We ask people who LIVE WORK PLAY in Soho their vision of the next decade…
Gillian Smith, a film producer shares her thoughts.
Soho is a shape shifter that still manages to maintain its original outline. It has its glamorously tarnished reputation to consider… so fears that its current, almost respectable, 21st century incarnation will finish it off as a creative hub for the unconventional are misplaced. Or so I believe. Let’s face it the old dear (a whole square mile of her) has survived everything from cholera to clip joints and still emerged with a little gold dust clinging to the crumbs. So I have every confidence that Soho can accommodate the art installations and ad men without becoming an ersatz version of herself in the near future.
Personally I love the place.
My mother lived on the outskirts in the 1950s when working at the now vanished Regent Palace Hotel (a small fraction remains via restaurant Zedel and the American Bar in the basement). As the swinging 60s dawned she was downing coffee in Bar Italia and hunting out bargains at Berwick Street market, decades later her tales of the city must have hit home, my very first London job was in Foyles Bookshop and the caffeine and discounts were more or less where she left them. Foyles might have shuffled itself a few feet further down Charing Cross Road, but at least it’s still there, along with nearby Denmark Street’s tin pan alley. Soho has staying power.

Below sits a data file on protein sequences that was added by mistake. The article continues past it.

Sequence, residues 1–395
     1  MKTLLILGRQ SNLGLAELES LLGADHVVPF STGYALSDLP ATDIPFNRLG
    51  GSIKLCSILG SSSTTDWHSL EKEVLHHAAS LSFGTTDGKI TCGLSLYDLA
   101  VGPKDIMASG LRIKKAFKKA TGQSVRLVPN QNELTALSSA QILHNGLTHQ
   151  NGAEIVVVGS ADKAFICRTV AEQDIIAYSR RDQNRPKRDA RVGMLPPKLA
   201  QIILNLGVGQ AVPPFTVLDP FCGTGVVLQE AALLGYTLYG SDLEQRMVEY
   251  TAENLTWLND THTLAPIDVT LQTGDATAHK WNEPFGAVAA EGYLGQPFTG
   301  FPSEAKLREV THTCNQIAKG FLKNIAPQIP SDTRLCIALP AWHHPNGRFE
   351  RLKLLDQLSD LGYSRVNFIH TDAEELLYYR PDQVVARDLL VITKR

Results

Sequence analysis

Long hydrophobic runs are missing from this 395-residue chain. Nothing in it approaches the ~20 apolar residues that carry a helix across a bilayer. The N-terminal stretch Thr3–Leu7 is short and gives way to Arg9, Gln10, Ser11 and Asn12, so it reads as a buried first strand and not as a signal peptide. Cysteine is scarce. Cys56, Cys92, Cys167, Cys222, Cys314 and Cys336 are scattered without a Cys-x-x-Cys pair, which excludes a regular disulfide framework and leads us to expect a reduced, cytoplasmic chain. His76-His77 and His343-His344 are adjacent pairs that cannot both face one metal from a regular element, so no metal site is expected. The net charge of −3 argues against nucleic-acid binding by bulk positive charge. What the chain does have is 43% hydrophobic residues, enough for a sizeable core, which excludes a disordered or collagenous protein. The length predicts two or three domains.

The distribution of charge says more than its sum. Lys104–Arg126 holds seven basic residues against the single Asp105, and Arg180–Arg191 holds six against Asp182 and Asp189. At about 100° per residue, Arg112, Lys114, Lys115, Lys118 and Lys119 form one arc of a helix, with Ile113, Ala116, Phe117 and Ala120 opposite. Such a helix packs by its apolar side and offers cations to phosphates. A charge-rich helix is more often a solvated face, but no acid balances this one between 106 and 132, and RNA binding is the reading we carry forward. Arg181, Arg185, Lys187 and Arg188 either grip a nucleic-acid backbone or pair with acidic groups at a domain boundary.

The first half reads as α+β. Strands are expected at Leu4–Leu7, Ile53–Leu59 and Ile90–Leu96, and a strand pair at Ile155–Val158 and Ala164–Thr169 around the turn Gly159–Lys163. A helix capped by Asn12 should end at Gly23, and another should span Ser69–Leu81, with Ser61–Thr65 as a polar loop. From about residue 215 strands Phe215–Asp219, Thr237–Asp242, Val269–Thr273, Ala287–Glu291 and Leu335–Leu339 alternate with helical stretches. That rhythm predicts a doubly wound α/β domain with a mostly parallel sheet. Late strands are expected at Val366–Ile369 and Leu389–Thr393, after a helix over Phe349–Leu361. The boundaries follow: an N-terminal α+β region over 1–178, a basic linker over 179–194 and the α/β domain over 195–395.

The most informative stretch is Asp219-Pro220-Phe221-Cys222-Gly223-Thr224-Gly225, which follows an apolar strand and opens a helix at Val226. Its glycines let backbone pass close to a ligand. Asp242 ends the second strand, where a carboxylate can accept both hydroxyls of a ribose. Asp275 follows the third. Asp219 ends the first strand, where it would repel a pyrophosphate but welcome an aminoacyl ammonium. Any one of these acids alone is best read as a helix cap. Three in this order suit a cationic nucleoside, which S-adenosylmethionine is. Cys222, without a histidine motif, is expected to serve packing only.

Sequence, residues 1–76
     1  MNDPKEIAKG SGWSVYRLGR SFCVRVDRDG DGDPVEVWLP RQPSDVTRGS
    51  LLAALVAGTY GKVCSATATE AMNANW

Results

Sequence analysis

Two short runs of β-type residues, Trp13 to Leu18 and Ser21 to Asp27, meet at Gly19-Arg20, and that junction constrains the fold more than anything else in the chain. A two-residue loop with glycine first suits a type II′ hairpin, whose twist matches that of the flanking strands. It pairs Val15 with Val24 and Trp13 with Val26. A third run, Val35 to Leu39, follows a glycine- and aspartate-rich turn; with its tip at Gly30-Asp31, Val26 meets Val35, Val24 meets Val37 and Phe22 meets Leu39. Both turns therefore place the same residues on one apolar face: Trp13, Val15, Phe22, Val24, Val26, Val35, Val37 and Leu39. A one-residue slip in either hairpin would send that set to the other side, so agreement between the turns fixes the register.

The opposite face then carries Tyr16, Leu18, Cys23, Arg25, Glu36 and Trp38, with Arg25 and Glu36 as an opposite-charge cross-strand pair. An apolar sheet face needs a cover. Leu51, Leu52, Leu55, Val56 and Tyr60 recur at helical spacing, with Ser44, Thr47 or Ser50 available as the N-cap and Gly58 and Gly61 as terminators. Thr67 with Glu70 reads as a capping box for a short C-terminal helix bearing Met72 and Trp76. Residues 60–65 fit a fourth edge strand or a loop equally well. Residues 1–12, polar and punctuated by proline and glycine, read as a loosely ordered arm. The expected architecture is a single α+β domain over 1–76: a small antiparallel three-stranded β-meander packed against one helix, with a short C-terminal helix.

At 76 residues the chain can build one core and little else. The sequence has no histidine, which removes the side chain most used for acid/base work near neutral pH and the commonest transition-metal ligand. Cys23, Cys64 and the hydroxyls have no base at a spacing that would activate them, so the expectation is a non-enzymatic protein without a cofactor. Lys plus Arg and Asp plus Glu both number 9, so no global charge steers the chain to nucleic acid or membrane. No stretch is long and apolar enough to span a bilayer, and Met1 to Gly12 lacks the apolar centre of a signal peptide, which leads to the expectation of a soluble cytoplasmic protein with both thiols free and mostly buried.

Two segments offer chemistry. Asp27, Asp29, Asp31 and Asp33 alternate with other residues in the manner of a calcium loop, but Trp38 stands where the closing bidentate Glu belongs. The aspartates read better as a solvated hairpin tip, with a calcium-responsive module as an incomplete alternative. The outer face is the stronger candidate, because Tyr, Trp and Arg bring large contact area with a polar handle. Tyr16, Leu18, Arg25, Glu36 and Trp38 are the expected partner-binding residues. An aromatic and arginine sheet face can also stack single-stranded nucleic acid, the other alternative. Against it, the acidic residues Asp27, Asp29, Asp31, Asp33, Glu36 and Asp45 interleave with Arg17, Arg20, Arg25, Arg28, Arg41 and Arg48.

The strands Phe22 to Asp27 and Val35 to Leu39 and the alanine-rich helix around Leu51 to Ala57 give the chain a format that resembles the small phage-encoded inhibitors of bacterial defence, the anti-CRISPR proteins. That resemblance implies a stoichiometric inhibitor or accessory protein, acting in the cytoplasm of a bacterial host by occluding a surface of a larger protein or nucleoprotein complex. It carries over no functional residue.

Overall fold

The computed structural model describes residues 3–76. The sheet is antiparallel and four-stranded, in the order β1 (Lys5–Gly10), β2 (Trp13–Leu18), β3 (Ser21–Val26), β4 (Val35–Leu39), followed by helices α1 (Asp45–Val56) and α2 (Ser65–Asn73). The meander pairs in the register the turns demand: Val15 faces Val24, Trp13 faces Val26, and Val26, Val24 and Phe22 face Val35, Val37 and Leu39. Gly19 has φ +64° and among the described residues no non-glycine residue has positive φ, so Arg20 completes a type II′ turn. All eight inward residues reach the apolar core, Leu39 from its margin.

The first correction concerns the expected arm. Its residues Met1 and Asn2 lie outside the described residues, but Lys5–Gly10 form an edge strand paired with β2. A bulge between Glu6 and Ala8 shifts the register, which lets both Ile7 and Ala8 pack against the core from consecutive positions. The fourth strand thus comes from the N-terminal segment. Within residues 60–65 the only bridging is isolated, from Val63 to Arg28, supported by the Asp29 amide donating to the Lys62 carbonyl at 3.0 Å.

And let’s face it, the actual area it occupies has always been a little elastic. Does it start or stop at Piccadilly? Gerrard Street is most definitely ‘in’ but Seven Dials… too close to Covent Garden…? And how far East qualifies… other side of St Giles’s Circus…? Probably best not to speculate, Soho has always been wary of boundaries… a good omen for the next ten years.
Read the winter issue of My Soho Times online CLICK HERE
Follow us on social media